Beef production is similar to any other business. The more you plan ahead, the better the results will be.

W. Mark Hilton, DVM, is a clinical assistant professor of beef production medicine at Purdue University in West Lafayette, IN. His columns regularly appear in BEEF magazine

Blach shares current market trends

If you were to focus on the 6% increase in beef production in 2006, you might think the cattle market is poised for a major correction. However, according to Randy Blach, executive vice president of Cattle-Fax, the market has held its own this year.

"We've seen fed slaughter increase 800,000 to 900,000 head this year over last year and production is up 6%. Yet fed-cattle prices are only going to end up $1.50 to $2 lower than they were a year ago. So we've gotten along very well," Blach told members of the Texas Cattle Feeders Association (TCFA) and Texas and Southwestern Cattle Raisers Association (TSCRA) at their joint meeting in mid-October.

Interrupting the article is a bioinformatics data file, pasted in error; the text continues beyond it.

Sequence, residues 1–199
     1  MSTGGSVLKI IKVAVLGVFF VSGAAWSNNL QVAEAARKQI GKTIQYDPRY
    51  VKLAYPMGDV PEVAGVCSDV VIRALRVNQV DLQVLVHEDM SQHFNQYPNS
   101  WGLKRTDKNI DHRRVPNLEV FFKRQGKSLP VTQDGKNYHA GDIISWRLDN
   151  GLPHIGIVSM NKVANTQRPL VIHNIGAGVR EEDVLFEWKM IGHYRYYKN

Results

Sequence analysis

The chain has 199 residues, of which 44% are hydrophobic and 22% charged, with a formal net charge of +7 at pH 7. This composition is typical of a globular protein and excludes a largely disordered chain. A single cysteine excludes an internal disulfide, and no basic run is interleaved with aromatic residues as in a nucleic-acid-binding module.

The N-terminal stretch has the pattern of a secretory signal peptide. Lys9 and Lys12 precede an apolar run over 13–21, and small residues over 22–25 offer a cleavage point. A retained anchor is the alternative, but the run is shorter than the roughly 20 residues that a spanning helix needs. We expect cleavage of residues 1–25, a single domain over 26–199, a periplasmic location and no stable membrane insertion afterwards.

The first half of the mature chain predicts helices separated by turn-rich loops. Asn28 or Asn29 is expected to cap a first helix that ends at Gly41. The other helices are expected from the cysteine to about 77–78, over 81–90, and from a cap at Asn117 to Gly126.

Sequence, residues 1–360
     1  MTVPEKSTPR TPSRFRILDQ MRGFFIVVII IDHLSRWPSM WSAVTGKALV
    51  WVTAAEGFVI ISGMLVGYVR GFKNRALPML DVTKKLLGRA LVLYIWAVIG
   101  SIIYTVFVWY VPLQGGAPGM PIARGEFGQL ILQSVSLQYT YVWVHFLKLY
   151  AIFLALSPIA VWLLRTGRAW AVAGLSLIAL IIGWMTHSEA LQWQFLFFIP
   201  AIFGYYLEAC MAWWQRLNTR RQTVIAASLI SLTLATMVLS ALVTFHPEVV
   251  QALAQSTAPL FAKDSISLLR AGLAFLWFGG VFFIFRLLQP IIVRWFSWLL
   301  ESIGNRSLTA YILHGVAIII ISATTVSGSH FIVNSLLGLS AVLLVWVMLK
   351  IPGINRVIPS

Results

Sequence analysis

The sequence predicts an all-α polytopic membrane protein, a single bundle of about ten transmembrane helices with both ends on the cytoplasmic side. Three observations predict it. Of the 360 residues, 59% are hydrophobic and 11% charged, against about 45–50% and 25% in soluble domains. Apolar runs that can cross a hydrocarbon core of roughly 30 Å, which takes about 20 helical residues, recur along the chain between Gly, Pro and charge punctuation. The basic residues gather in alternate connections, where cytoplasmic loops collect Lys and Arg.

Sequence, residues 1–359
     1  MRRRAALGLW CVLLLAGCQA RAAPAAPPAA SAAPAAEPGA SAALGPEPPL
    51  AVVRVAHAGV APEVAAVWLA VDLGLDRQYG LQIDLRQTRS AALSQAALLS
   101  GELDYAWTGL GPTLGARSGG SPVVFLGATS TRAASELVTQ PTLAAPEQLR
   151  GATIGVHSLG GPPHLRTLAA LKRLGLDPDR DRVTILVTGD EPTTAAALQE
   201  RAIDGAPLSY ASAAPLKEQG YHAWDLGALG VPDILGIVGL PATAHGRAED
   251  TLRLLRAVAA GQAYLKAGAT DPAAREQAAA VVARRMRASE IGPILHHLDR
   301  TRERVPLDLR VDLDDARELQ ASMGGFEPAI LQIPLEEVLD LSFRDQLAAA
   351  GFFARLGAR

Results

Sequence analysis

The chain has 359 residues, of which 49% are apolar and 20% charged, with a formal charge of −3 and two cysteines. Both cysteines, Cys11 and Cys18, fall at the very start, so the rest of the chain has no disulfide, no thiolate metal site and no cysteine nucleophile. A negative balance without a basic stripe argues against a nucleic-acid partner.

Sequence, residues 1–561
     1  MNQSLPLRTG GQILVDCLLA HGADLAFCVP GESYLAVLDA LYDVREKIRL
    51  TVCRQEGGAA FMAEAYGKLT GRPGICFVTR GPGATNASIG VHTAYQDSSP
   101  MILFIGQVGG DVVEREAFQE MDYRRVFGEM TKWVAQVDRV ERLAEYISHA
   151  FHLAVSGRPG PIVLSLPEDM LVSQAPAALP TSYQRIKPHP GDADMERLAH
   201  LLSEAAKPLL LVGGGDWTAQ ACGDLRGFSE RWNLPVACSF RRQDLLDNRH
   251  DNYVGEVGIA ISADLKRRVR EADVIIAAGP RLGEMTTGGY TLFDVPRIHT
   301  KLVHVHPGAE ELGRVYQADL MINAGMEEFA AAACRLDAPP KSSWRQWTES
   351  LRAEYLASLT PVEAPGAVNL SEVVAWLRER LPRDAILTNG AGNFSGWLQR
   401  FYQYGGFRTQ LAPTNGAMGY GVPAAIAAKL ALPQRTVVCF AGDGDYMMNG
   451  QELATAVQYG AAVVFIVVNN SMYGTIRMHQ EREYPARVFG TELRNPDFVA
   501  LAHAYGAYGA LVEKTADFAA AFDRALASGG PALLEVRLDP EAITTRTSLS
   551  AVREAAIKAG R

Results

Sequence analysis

The reason fed-cattle prices have held up reasonably well in the face of higher supplies is demand, both domestically and internationally.
Blach says aggregate beef demand in the U.S. has been a little softer this year. "But I think it's important that we step back and look at what's really going on," he says, explaining, "Demand is growing for Choice, the upper two-thirds of Choice, Prime and beef sold in many branded-beef programs. Choice price is higher even though Choice beef supplies are up 2% for the year. So we're not seeing the same softening in demand on the higher quality products that we’re seeing in aggregate."

On the international front, Blach says the trend toward regaining lost export markets continues to be important.

Regarding the drought situation, he says we have definitely slowed the rate of expansion on the nation’s cow herd. "It looks like cow numbers will be up 1% in 2007. Fed cattle slaughter will likely increase another 500,000 head in 2007 and beef production will increase about 2% for the year compared with 2006," he projects.